I like Macs, always have, they used to be nailed on reliable, Apple software was always super polished and reliable. But they (along with every other tech company) is under so much pressure to 'innovate' and stay on top that the quality is all over the shop. MacOS 10.11 needs to be really special, not due to some nonsense new feature that no-one wants and will disable but have that slick polish that just works (remember that?) iTunes, whilst being a great idea is impossibly buggy and clunky now, constantly looking at the spinning wheel every time I ask it to do anything. If there was a viable alternative on the Mac I'd have binned it ages ago.

    I've no interest in subscription music services as I'm old fashioned and still like to buy albums so the people who make the music I like can afford to keep doing it, but regardless no-one likes the iTunes software now, sure there are those that can get one with it, but no-one uses it without the expectation of hassle and slowness. They need to bin it, build something new from the ground up, make it great, make it Apple. Make it something that you want to use.

  36. anonymous boring coward Silver badge

    Yeah, Spotify is rock solid, not ugly either, and not at all overpriced in the UK. (That's Irony, FYI)

    Apple Music has worked perfectly for me. It looks better (not difficult). It's the same price.

    It will soon have an Android app.

    It integrates well with iTunes purchased stuff, if you have that.

    It made all music from all iDevices using the same account available to all devices -basically sorting out a mess. (Some interesting side-effects can be seen. My recorded LP of Kraftwerk showed up as a completely different version on my other devices.)

    I think both Spotify and Apple Music are overpriced, but if I really must have one it will be Apple. At least they have the money to fix things pronto, as opposed to thinking about it for a year or so.

  37. Winkypop Silver badge


    But dont iMusic

  38. Shovel

    spotify? No F'ing Way

    I tried Spotify's Premium services until they restricted the number of times I could 'skip' the sucky music in the designated category. I have to wait an hour to be able to resume skipping over crappy music? Bugger Off, Spotify!

  39. elainecarey

    Spotify has Free mode while Apple Music only lets you try it for 3 months. Some people are complaining about the ads when listening to Spotify via Free. But I use TuneFab Spotify Music Converter to remove ads and I think I would never need Premium.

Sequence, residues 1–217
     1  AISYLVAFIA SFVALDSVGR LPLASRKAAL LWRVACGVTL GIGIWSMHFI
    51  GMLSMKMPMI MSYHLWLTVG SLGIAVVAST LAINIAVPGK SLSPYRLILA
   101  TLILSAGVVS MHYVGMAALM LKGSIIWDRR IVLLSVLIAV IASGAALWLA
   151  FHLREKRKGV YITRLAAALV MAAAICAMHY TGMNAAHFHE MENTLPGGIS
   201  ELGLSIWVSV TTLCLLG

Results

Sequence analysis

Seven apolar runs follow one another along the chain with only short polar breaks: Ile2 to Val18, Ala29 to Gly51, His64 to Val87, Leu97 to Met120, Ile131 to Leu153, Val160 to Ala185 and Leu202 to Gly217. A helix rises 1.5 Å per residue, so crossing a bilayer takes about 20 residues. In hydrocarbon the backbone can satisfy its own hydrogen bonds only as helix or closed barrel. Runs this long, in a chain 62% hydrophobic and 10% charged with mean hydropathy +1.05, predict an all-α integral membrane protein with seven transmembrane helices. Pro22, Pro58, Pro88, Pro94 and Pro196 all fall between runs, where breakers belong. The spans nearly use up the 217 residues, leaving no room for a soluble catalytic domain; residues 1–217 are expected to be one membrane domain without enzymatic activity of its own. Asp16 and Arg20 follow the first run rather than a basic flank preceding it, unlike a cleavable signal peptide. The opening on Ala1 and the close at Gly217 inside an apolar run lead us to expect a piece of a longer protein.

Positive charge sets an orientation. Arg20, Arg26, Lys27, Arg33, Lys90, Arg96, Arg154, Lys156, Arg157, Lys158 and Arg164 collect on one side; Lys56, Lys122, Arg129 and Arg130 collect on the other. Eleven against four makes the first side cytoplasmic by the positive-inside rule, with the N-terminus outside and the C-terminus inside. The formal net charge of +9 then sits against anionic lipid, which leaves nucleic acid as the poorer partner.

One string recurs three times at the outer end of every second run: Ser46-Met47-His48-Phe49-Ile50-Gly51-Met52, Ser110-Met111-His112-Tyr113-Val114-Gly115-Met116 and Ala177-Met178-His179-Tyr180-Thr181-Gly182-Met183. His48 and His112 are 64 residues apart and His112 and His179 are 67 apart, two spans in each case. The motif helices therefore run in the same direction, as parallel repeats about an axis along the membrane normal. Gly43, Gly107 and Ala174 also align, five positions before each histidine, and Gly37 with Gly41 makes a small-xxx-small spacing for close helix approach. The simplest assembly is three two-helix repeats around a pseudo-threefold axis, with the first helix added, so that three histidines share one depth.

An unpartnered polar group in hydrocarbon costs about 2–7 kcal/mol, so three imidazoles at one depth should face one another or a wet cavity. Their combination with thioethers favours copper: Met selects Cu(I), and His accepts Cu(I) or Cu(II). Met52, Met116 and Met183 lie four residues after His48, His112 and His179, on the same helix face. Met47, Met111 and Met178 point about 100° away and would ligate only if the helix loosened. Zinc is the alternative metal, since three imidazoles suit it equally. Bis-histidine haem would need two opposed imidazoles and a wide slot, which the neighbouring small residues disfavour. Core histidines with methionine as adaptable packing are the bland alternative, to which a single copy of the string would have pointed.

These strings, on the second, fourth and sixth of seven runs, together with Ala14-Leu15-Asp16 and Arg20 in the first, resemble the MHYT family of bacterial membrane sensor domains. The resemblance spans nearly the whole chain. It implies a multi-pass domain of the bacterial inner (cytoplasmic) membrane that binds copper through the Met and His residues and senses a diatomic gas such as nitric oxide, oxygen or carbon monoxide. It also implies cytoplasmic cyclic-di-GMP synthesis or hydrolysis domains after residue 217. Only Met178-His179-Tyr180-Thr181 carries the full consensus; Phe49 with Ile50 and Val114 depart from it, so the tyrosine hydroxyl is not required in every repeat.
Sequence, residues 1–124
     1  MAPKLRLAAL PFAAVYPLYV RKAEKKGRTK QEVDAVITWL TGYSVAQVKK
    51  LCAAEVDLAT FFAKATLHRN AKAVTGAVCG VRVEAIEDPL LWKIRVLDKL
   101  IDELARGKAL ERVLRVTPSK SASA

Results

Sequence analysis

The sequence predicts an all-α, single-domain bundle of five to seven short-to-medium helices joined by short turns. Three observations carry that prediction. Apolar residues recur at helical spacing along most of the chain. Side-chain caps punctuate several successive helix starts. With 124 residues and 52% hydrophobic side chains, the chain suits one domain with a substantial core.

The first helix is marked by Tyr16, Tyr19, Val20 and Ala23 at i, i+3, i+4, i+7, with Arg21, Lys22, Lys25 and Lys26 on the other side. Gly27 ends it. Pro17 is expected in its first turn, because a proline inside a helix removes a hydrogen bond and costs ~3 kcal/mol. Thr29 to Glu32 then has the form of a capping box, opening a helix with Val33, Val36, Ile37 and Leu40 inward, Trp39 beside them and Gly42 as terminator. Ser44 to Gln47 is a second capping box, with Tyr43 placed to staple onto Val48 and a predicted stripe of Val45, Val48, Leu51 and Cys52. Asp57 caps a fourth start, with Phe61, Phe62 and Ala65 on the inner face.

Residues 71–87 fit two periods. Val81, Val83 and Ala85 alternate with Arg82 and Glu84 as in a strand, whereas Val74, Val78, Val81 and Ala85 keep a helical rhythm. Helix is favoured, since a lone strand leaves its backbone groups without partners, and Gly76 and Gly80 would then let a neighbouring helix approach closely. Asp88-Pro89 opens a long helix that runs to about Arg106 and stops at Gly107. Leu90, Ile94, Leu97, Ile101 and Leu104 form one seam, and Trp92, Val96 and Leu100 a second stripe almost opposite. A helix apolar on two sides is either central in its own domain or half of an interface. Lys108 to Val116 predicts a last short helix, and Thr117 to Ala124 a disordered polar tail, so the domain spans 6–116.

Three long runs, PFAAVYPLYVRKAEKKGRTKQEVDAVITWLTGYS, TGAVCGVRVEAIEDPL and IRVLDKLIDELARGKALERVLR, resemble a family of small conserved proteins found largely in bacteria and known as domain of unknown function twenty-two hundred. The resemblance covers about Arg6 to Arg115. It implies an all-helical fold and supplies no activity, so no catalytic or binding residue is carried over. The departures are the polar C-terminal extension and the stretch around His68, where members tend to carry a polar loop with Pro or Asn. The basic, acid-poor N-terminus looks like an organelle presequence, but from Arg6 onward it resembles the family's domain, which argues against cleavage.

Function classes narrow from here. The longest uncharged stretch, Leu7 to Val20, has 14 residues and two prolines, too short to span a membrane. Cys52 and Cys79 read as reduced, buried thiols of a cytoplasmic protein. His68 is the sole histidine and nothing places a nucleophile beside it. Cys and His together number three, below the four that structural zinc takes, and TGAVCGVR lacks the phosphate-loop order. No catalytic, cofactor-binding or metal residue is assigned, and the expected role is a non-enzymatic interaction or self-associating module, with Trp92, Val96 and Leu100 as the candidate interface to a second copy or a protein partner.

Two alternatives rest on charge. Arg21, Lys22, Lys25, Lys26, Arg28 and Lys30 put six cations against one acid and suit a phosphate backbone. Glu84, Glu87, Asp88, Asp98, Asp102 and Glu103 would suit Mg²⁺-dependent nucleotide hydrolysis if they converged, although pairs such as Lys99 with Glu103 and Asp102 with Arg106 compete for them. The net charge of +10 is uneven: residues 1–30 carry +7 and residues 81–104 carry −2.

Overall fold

40. Annie_Yazbeck

    Wow, paying for $9.99 per month for Apple Music is not a great deal as I'm not a rich man.

    Spotify music streaming service seems a nice choice for me to start my music trip, as it offers free user to access to Spotify library with ease.

    By the way, I can use AudFree Spotify Music Converter to download and convert Spotify files as MP3 format. It can meed my needs to play music files offline.

  41. Lily Allen

    Here are my reasons to give up Apple Music.

    1. Some tracks can only be found on Spotify and Spotify is still free.. That' s amazing.

    2. Apple Music is only friendly to iOS users and macOS users. This means when you try to leave your old Apple devices, it is not easy to take your music collection away.

    I think I am very lucky to find DRmare. It is a useful Apple Music Converter that helps me to transfer my music collection from Apple Music to Spotify.

  42. Lily Allen

    Here are my reasons to give up Apple Music.

    1. Some tracks can only be found on Spotify and Spotify is still free.. That' s amazing.

    2. Apple Music is only friendly to iOS users and macOS users. This means when you try to leave your old Apple devices, it is not easy to take your music collection away.

    I think I am very lucky to find DRmare. It is a useful Apple Music Converter that help me transfer my music collection from Apple Music to Spotify.

  43. Wlee2060

    I don't think no one is using Apple Music. In my opinion, there are still many users who're fond of Apple Music songs and me is one of them. I can easily get and listen to any songs in high quality from my favorite artists. And I can also use TunesKit Apple Music Converter to convert all downloaded songs to MP3 format. In other words, I can easily enjoy any Apple Music on any device, not Apple devices only. And recently Apple has launched a new bundled service - Apple One, and it can help me save more money.